A lot of emotion goes into our work relationships, romantic relationships, family relationships, and friendships. Sometimes these relationships fall apart. Unfortunately, not everyone is ready to accept this as a part of life, and some relationships become stormy, unpredictable, and maybe even scary. One party may threaten or harass the other, forcing their partner to take refuge in the law.
Thankfully, the law provides the harassed partner with options. Under Nevada statutes, you can apply to a court for a restraining order for the other person to stay away from you to ensure your safety.
What’s a restraining order, and what does it require? Our team of attorneys at De Castroverde Law of Las Vegas can help you if you’ve been named in a restraining order. Here’s what you need to know about restraining order requirements.
What’s a Restraining Order?
Restraining orders, known more commonly as orders of protection, are meant to protect individuals who feel at risk of physical violence, harassment, or stalking. These are also sometimes known as protection from abuse or protective orders. Restraining orders have a simple intent — they’re court orders that require you to stay a certain distance away from the person who claims to feel threatened. Violation of a restraining order comes with criminal penalties that can include up to six months in jail and a $1,000 fine.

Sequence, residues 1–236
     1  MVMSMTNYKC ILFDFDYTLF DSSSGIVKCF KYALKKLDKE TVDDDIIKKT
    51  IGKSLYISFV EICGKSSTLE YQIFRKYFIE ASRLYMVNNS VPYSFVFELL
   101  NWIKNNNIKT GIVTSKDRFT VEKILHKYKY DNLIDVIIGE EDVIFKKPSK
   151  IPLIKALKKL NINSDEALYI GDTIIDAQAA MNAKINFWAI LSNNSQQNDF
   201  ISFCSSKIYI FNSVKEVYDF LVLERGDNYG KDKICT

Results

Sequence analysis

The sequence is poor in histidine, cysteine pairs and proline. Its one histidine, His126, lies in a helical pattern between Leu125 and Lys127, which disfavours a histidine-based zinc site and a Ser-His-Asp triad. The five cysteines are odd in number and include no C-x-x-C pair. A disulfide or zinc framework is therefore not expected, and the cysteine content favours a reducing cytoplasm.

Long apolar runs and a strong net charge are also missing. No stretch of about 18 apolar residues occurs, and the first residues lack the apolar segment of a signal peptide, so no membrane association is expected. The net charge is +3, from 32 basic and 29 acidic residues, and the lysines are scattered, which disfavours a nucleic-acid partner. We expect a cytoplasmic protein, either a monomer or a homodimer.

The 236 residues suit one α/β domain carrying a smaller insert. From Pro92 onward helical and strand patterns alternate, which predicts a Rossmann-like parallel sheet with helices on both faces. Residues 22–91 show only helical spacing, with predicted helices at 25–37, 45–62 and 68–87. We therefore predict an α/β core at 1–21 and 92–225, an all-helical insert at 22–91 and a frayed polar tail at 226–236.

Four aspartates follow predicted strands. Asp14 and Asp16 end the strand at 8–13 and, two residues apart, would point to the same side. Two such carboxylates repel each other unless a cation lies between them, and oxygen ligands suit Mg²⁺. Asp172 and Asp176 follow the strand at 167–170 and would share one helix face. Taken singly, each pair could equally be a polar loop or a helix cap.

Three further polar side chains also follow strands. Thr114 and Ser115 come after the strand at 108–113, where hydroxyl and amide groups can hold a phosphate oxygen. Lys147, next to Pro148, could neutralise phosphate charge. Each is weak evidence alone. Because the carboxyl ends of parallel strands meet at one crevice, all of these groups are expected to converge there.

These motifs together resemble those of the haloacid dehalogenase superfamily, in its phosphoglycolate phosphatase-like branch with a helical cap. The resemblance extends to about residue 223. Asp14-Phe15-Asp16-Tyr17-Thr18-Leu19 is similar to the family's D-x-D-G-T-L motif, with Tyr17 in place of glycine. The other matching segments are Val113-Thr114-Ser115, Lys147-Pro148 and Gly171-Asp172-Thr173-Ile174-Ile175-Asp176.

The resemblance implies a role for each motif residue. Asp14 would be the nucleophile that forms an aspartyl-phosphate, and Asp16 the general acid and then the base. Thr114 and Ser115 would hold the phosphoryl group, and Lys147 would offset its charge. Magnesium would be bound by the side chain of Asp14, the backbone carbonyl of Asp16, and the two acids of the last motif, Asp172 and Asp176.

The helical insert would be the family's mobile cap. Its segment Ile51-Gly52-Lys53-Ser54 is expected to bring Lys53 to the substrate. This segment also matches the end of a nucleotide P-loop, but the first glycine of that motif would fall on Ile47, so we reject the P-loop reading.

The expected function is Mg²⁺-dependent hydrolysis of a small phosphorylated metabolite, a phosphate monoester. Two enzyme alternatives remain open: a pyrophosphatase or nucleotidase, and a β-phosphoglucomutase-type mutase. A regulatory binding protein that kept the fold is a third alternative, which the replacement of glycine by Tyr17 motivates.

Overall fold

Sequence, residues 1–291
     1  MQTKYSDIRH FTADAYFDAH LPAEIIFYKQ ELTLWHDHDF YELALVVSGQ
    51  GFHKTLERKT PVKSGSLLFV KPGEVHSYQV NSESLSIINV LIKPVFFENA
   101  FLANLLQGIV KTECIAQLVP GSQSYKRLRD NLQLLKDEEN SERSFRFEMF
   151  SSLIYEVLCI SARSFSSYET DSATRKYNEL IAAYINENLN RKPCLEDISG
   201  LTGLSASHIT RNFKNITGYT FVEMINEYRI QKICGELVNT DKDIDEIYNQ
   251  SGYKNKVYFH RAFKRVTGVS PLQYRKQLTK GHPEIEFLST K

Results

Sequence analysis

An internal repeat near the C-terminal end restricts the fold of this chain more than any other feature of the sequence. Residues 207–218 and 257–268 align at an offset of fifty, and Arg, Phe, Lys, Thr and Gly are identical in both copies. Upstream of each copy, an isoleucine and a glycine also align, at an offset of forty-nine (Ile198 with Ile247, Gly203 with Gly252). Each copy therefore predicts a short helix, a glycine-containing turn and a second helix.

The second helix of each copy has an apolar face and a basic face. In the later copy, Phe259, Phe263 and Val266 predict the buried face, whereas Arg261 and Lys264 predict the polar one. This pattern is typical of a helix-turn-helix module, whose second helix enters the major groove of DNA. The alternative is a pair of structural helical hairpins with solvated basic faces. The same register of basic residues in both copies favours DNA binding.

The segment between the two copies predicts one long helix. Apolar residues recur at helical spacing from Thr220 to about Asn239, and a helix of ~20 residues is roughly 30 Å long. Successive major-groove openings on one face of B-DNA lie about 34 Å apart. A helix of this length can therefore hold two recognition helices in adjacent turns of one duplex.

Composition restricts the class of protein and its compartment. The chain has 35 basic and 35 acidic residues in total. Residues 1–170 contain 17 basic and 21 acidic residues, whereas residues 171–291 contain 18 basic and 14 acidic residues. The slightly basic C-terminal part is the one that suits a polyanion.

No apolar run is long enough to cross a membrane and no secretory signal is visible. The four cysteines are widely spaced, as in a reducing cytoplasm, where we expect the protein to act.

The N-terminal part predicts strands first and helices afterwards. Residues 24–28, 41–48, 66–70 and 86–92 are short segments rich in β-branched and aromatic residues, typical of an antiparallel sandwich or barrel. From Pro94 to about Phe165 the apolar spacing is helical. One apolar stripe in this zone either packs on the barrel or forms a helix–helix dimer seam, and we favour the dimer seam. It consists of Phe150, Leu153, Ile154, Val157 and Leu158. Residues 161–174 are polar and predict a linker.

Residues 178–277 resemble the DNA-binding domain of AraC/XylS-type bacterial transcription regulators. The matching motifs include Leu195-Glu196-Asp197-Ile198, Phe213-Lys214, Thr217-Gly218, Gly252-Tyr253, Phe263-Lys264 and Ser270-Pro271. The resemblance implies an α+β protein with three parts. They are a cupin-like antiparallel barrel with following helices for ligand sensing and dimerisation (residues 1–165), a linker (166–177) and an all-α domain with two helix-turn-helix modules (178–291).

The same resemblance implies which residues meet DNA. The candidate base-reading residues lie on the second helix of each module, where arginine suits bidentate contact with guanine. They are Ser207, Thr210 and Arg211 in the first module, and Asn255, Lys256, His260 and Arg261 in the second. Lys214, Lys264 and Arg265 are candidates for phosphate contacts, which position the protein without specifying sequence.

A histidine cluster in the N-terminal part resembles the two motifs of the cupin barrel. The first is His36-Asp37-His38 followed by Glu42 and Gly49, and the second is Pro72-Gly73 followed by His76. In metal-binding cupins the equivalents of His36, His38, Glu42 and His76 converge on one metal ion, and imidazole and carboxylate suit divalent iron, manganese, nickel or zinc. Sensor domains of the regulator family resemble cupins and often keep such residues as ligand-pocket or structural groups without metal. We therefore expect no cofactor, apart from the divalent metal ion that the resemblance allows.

Different Types of Restraining Orders
Nevada law offers two types of restraining orders: a temporary protective order and an extended protective order. The temporary order is intended for people who feel they’re in immediate harm and can be issued without notifying the alleged aggressor. Nevada allows temporary protective orders to stay in place for up to 30 days.
Extended protective orders require additional litigation. To get a court to issue an extended protective order, you must give notice to the other party or parties, and the court will schedule a hearing to present evidence and gather the facts.
Our team of attorneys at De Castroverde Law Group can provide legal counsel to help you navigate the process of obtaining a restraining order.